Panicked shoppers have been seen queuing in huge numbers for essentials such as toilet roll as fears grow of a second lockdown.
Giant queues were spotted snaking out of branches of Costco in Leeds and Chingford, north London, where metal barriers were installed to control the growing crowds.
It comes a day after Prime Minister Boris Johnson warned of new restrictions to come if the UK's coronavirus case numbers aren't brought under control.
Toilet roll sales have soared 23% in a week as pandemic panickers strip the shelves bare – even though makers say there is still plenty to go round.
Shoppers across Britain reported a rush on loo paper in most major supermarkets in scenes reminiscent of when the first national lockdown was introduced back in March.
One customer posted photos online showing a near-empty toilet roll stand at Asda in Llandudno, North Wales.
Other snaps showed just a few left in the same store’s Wrexham branch.
Midwife Sarah Milnes tweeted a photo of a loo roll- stripped shelf at Morrisons in Leicester describing it as "utter madness".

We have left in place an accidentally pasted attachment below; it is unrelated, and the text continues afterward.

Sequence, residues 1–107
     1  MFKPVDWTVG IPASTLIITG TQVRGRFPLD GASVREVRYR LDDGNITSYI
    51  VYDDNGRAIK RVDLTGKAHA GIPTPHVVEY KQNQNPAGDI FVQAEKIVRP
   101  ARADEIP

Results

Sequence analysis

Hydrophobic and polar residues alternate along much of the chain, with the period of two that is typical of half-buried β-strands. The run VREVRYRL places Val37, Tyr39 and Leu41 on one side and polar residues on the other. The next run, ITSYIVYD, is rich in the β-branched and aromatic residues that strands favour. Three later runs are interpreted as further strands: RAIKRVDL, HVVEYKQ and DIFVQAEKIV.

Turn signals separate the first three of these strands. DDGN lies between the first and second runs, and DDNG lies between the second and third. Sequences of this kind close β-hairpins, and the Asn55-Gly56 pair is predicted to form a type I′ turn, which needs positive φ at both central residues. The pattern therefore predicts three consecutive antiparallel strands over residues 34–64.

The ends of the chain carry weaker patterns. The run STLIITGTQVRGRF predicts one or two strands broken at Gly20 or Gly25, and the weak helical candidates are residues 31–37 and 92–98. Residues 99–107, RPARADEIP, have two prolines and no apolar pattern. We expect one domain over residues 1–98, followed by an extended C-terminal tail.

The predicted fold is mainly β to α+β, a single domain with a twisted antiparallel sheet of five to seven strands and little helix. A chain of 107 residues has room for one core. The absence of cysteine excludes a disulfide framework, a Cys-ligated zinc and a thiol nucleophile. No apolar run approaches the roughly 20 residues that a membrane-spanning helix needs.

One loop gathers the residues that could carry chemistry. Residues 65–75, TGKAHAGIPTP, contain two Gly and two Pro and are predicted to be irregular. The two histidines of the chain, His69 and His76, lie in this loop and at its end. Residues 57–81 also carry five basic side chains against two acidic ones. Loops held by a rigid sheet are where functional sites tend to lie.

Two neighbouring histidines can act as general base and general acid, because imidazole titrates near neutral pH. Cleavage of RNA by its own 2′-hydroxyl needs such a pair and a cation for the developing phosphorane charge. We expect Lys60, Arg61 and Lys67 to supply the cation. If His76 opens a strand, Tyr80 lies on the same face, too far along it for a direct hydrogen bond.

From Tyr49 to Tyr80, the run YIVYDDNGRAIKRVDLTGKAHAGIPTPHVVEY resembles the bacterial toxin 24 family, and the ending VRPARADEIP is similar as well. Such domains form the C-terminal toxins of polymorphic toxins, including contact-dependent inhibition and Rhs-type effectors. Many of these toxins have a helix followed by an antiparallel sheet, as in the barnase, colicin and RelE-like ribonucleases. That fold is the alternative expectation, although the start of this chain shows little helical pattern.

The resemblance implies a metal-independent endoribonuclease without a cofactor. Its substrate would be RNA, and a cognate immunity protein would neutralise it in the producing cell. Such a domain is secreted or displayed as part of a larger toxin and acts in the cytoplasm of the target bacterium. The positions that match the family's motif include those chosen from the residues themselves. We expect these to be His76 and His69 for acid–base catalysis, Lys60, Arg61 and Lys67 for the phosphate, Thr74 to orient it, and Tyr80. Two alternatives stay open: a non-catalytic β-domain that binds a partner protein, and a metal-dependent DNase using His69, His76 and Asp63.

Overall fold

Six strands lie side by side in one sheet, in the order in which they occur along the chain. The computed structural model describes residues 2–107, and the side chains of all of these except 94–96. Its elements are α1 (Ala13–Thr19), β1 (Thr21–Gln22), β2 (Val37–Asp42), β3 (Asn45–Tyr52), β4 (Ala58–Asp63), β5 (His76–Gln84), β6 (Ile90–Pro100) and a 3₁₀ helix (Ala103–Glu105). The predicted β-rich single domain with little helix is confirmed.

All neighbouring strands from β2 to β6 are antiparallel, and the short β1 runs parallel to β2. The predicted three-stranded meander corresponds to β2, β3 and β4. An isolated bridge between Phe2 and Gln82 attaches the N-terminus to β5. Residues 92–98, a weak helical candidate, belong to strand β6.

Similar scenes were recorded in a branch of Sainsbury’s in Warrington, Cheshire, and an Asda in Pipps Hill, Essex.
One shopper wrote: "The shop was packed, unordinarily so for 7pm, so people were already panic-buying.
"This was after the mere threat of a lockdown."
TV and radio host Shelagh Fogarty, 54, tweeted: "The loo roll and pasta thing is happening again."
Vape Nation eSports’ Twitter account urged Lidl to put restrictions on essential items as shelves at its store in Peterborough, Cambs, were "already starting to empty.
"Three-quarters of toilet paper was gone, all rice was gone, hardly any pasta left," it said.
WEPA UK, which makes own-brand toilet paper for stores including Tesco, Sainsbury’s and Asda, said they expected sales to remain high but insisted supplies will not run out.
Joint MD Mike Docker said: "We are doing all that we can to ensure stock remains available."
A spokesman for the British Retail Consortium said: "We urge consumers to be considerate and shop for food as they would usually during this difficult time."
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